The figures at Legend Rock are thought to be 10,000 years old. Of course, debates about WHO is responsible and WHAT the images actually represent are ongoing. I like to imagine the group above left, and maybe all the other bizarre anthropomorpic figures are some young person’s attempts to create an artistic legacy. Some of the images may have been here for as long as 10,000 years; archaeologists theorize the red sandstone cliffs attracted the artistic imaginations of many individuals from many prehistoric tribes. That means any single glyph may have taken several years to complete, or that more than one person may have added to one or more carving, like some kind of ancient “Exquisite Corpse” exercise.

 

“Anthropomorphs with horned headdresses … a symbol of medicine or power …”
“Anthropomorphs with horned headdresses … a symbol of medicine or power …”

 

This figure has an unadorned head and extra legs and feet
This figure has an unadorned head and extra legs and feet

 

According to a park brochure, figures here are similar to other images found in Montana and other parts of Wyoming.
According to a park brochure, figures here are similar to other images found in Montana and other parts of Wyoming.

 

As many as ten figures are depicted in this glyph, including elk and bison.
As many as ten figures are depicted in this glyph, including elk and bison.

 

Ninepipes, Wind, and Northern MT

Walking on the lake botton @ Ninepipes National Wildlife Refuge
Walking on the lake bottom @ Ninepipes National Wildlife Refuge
SUNSHINE ON THE FLATHEAD INDIAN RESERVATION
SUNSHINE ON THE FLATHEAD INDIAN RESERVATION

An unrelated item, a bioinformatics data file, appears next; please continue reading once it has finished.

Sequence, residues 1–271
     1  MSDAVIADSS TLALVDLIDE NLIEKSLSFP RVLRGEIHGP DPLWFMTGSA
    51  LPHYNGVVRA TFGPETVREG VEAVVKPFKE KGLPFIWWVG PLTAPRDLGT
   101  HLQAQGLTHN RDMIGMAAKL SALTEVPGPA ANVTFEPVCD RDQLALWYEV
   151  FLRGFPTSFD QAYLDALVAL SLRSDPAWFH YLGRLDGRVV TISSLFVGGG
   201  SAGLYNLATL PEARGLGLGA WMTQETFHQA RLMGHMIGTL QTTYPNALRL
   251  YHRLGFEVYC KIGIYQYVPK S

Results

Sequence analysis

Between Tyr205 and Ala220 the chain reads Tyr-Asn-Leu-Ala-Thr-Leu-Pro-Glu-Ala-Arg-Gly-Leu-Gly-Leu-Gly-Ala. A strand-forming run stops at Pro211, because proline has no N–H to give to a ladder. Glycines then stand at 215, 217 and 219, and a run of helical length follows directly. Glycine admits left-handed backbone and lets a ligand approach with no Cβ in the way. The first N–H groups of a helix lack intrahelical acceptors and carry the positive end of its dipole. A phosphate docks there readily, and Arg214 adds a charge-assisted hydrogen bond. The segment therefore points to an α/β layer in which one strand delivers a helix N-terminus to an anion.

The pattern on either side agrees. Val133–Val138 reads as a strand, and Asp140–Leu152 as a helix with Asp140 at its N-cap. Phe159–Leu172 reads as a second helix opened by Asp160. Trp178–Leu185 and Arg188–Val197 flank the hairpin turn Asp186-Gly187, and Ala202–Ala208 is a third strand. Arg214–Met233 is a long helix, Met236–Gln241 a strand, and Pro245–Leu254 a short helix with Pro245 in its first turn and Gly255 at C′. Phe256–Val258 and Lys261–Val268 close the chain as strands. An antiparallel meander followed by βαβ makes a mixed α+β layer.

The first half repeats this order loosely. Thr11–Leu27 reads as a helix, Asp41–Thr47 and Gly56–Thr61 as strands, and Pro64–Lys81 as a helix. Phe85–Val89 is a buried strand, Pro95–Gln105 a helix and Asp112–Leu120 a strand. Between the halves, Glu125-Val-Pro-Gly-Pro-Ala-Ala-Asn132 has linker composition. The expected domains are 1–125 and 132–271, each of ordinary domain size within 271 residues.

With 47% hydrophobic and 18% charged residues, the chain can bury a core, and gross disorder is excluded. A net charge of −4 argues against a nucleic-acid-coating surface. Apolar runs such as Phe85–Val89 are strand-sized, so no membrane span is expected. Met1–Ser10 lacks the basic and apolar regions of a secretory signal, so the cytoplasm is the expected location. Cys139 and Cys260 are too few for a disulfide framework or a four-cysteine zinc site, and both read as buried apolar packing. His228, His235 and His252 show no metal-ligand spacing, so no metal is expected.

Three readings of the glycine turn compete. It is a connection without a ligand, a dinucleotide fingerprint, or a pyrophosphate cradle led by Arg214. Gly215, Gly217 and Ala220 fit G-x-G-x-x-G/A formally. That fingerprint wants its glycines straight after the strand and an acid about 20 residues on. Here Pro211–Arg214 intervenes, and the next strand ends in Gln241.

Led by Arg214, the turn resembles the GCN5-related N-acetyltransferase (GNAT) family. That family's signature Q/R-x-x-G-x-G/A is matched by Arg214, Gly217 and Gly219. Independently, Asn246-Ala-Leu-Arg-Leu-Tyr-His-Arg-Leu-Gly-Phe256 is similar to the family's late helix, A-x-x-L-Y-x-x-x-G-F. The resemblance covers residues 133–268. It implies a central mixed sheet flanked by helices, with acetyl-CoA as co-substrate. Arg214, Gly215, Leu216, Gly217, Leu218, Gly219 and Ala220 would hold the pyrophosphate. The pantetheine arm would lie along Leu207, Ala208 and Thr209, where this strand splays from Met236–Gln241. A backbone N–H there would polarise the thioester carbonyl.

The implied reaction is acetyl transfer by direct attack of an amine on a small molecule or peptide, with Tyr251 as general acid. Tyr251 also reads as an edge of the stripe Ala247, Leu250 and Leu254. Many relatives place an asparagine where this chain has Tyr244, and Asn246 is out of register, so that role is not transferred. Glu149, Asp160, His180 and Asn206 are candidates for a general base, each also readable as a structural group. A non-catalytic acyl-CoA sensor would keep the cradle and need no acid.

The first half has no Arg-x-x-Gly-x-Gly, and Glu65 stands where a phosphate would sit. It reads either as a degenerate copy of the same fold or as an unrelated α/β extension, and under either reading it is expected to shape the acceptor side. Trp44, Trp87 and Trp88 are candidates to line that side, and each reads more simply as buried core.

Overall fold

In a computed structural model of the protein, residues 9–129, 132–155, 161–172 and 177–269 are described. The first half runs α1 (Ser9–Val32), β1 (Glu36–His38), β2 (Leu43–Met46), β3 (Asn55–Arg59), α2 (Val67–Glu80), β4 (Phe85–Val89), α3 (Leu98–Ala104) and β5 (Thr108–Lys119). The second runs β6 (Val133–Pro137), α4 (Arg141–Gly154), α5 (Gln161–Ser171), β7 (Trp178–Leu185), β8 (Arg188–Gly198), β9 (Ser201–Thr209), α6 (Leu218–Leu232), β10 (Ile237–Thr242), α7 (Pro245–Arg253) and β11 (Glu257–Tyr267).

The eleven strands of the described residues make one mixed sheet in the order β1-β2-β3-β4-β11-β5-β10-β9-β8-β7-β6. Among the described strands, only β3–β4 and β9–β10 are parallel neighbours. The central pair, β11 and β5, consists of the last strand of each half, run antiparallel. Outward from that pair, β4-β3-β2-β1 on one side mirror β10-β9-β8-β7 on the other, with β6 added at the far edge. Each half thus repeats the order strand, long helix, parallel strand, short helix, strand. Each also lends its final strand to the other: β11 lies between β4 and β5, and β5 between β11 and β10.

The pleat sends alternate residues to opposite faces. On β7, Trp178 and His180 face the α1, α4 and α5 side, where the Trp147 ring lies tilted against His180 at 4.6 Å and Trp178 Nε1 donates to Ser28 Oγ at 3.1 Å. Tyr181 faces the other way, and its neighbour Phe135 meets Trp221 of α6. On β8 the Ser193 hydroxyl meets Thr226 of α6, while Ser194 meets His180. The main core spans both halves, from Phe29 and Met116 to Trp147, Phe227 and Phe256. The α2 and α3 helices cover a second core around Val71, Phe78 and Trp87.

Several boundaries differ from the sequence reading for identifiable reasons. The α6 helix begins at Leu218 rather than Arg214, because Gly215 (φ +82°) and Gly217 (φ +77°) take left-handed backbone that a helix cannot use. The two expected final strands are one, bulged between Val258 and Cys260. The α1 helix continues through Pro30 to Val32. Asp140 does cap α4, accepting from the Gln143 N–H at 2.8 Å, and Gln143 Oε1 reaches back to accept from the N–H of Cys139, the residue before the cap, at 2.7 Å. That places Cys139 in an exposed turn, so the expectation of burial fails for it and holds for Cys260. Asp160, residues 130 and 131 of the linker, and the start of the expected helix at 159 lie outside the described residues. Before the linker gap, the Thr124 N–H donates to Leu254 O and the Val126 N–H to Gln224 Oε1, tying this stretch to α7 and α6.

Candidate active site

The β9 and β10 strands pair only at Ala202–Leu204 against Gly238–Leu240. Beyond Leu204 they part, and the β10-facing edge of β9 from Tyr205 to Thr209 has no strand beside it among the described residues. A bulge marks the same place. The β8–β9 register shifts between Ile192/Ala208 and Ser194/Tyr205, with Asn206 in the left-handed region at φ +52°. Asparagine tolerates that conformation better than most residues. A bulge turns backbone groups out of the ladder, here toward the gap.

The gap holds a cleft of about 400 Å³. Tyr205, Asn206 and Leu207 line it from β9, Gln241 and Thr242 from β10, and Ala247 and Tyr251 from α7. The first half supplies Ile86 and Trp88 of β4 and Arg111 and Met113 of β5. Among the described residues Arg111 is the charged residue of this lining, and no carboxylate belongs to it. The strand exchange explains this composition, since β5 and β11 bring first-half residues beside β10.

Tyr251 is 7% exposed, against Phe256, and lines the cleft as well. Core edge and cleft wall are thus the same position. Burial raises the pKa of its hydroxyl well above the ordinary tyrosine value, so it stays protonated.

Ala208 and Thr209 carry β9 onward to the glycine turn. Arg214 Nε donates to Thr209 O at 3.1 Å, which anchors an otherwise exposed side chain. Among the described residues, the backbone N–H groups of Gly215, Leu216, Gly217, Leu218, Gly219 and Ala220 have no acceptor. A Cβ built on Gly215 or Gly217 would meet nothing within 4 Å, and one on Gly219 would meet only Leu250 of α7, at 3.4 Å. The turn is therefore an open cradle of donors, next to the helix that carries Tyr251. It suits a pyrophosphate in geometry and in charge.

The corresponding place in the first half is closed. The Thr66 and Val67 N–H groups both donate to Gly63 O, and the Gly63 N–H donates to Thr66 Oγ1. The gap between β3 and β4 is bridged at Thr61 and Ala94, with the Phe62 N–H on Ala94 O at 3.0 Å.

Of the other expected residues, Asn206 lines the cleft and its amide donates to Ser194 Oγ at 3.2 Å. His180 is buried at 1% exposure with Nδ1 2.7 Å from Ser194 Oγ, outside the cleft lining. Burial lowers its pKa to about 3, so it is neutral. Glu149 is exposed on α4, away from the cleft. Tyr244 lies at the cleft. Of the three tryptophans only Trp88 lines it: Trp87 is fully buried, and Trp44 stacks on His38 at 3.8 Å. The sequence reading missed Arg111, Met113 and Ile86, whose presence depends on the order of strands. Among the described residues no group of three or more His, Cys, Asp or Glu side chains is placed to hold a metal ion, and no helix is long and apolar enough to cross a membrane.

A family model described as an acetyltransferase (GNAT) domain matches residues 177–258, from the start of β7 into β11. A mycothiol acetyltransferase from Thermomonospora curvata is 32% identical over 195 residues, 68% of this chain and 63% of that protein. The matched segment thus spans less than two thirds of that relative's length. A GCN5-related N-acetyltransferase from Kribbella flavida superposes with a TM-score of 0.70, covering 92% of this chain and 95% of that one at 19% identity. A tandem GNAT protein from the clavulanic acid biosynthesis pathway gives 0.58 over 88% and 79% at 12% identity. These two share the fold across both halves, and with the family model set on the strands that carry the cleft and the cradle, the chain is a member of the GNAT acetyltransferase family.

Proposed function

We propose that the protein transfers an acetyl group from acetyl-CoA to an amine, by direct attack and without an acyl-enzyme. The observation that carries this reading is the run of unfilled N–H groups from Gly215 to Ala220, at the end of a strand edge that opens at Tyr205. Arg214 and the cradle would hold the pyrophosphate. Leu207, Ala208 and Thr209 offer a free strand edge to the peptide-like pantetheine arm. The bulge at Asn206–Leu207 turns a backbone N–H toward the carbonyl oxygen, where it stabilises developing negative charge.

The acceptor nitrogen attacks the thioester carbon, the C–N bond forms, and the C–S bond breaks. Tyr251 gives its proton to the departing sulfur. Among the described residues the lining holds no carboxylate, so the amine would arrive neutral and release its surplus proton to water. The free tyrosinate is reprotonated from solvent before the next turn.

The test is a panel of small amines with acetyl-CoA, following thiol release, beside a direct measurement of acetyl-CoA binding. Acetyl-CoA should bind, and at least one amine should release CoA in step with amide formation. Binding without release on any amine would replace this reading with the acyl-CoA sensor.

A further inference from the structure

A persistent 40 mile-per-hour west wind blew unfolded maps, used Kleenex, and other road trip detritus out of the Pathfinder as soon as the doors were opened at Ninepipes National Wildlife Refuge Sunday morning. Northwest of Missoula, on the Flathead Indian Reservation, the refuge is a select nesting habitat for grebes, great blue heron, Canada geese, and various duck species. As in much of rural Montana, grasses and a Great Plains-type environment means long-distance views, huge skies, and an immediate, unavoidable sense of solitude. From the entrance, the diminishing shores of a great body of water appear, then disappear beyond the tall, windblown grasses.

The water has receded this late in the year, so the flocks of birds are less visible, further away from vistors and predators like ospreys and grizzly bears. Walking along the exposed lake bottom feels like resilient playground surfacing, but the loam doesn’t bounce back.

I love how the light comes through the grasses in October
I love how the light comes through the grasses in October

A perfect Yellowstone day